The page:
Thursday, May 27, 2010

Sparks May Fly

Today was primarily an office day, but it was an exceptionally busy one.  My coworker was off today, so I was administrative and field supervisor.  The field supervision was easy, there was almost no one in the park today.  Wednesday-Friday we usually have a full crew.  Today, however, it was a skeleton crew.  Two rangers had to take time off because they worked 16 hour days on Wednesday helping another park burn.  One ranger that was supposed to be in the main area of the park was helping the north field ranger with his duties because two people were necessary.  Still another ranger went to help another park burn.  Fortunately, it wasn't a busy day in the park and we still had enough people to cover the essential positions.
In the office, I had projects from yesterday that were waiting on phone calls or e-mails or decisions.  I realized partially through my day that very little was crossed off of my To-Do list, but I had accomplished quite a bit.  I actually added things to my list just so that I could cross them off.
Another challenge was added to my day because of computer troubles.  When I arrived at the office this morning, I found out that my battery back-up had passed away.  They don't die quietly though.  They put out an ear-splitting beep at a pace that is infrequent enough that you let your guard down and forget about it until it startles you with another yelp.  I unplugged it and turned it off and moved my computer over to an unprotected outlet.  I made a mental note to save often and requested that a new battery back-up be ordered.  The power surges that likely were the death of my battery back-up also took out something that affected our local server.  Most of my computer functions were just fine, but I couldn't access some files that I needed for several hours.  E-mail and the internet were up and down again, but I wasn't too affected by those issues.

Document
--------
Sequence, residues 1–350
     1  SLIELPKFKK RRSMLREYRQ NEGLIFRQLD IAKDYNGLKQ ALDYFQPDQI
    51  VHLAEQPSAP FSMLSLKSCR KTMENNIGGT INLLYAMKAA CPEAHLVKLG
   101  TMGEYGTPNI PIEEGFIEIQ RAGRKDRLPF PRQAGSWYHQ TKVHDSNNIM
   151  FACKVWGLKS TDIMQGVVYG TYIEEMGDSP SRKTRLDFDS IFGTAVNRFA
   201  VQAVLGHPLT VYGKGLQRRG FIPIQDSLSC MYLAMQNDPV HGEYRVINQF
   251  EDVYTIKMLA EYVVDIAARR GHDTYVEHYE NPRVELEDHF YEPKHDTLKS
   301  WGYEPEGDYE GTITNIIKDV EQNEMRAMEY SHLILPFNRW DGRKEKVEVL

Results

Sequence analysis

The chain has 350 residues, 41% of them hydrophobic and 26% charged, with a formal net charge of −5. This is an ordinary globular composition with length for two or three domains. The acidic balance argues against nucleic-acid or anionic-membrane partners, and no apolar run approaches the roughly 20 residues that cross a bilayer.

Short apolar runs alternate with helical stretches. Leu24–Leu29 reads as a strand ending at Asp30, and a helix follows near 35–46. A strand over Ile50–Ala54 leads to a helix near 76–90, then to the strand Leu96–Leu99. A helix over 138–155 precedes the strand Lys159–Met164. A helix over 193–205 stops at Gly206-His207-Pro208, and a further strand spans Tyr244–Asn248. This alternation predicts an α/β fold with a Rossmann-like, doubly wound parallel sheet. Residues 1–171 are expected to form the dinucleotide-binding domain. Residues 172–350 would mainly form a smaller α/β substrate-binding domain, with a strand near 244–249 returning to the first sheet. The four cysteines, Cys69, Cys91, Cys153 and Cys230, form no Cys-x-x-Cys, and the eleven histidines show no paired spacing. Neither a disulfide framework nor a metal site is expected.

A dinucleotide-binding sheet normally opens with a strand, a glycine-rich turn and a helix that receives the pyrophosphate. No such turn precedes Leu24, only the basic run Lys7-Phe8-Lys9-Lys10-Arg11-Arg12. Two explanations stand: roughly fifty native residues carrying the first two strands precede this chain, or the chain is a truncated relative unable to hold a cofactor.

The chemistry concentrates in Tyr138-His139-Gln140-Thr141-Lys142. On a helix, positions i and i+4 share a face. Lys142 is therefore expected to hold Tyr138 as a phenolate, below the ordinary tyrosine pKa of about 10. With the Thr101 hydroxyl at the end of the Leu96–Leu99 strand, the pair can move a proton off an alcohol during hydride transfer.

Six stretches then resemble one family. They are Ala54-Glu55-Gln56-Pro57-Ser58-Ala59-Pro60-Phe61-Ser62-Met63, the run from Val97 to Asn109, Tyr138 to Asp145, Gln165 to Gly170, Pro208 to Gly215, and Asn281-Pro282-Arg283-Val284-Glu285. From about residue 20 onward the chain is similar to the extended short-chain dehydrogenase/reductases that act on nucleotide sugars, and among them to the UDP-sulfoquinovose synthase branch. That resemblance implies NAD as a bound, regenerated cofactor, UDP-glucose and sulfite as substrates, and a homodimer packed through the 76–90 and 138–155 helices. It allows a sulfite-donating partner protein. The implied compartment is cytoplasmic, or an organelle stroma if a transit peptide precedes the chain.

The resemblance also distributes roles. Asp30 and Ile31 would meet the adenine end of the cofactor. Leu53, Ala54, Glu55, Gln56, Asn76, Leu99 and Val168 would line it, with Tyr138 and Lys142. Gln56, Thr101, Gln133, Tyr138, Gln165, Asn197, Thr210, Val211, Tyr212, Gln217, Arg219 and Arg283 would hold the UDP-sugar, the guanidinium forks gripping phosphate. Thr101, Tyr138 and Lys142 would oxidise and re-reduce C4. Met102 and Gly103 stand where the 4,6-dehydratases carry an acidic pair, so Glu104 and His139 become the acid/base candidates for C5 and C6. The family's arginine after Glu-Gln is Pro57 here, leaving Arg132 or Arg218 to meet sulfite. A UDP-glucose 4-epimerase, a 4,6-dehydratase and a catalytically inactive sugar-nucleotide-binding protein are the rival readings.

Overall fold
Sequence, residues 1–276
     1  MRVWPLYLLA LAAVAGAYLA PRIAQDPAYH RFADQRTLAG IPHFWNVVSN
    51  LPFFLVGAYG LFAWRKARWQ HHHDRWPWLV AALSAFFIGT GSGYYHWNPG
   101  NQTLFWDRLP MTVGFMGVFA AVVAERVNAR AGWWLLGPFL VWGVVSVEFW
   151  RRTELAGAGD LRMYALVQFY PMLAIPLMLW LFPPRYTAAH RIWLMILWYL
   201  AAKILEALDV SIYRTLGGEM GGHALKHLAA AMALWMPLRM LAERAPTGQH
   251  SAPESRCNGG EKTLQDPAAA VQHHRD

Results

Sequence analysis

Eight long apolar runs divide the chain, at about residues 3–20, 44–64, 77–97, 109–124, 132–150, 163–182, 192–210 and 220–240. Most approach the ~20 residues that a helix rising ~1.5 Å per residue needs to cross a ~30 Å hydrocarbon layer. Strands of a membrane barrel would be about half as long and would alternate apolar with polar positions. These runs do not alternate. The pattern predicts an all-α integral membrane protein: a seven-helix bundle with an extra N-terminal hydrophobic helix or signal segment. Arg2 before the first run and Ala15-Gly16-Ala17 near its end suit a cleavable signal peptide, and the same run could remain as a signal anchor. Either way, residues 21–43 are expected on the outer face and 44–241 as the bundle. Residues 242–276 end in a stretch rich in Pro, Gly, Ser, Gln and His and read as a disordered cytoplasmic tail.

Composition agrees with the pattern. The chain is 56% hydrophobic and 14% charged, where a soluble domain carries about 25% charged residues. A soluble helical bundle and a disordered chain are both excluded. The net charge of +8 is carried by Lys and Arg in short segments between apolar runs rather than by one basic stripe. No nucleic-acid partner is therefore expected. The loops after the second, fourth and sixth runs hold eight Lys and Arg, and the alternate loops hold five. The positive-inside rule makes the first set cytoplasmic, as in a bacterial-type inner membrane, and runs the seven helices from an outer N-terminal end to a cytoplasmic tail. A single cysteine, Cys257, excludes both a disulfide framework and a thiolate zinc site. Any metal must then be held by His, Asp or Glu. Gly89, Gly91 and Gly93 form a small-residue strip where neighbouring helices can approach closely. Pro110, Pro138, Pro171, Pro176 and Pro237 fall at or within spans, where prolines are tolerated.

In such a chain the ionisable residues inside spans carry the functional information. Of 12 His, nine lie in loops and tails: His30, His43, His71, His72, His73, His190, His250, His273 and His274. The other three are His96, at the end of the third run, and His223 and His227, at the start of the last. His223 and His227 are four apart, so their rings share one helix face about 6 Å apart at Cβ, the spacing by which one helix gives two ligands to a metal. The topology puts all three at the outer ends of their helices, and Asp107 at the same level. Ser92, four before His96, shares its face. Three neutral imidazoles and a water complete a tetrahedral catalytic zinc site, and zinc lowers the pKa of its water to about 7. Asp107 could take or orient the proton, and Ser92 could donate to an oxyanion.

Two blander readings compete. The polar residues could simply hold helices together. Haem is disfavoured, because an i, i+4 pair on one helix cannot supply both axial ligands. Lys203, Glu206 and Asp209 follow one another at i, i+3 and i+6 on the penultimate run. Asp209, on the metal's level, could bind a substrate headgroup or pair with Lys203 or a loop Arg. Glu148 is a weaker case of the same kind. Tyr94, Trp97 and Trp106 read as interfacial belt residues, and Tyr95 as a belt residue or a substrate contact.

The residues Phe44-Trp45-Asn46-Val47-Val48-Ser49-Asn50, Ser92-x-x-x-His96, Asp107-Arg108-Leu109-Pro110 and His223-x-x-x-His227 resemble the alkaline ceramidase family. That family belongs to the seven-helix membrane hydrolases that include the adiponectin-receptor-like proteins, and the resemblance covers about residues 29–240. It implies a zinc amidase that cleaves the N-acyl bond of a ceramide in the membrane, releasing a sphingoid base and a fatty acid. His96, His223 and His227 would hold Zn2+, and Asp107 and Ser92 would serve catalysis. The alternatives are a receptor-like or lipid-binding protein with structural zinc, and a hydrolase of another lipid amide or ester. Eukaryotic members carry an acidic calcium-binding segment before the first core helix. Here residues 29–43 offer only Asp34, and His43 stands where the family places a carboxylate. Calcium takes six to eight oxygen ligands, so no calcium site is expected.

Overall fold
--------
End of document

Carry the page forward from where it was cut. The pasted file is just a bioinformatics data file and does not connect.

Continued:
All morning, I kept telling myself to take lunch early.  Something happens at noon everyday that makes me the center of attention.  I suddenly have calls every few minutes, questions from the rangers, things that I need to ask people or get from people.  Chaos happens everyday from noon-four.  I haven't found a way to avoid it yet.  I didn't get to lunch early, like I knew that I should have.  There was always one more thing that I was almost done with and wanted to finish.  I think I finally ate lunch around 1:30 or 2:00.  I did get quite a bit taken care of this afternoon though.  Despite a 3:00 shut down of all the office computers to allow the server issue to be solved, I was able to finally cross off almost everything that had been on my To-Do list and a few more items as well.
I must have been busy because it wasn't until around 3:30 when I was pumping gas and forced to stand still that I realized that I didn't have my camera all day.  I guess it didn't matter if I didn't even know it was gone.  I made sure to take a walk around the yard to capture some photos for the blog when I got home.  So here is what I found.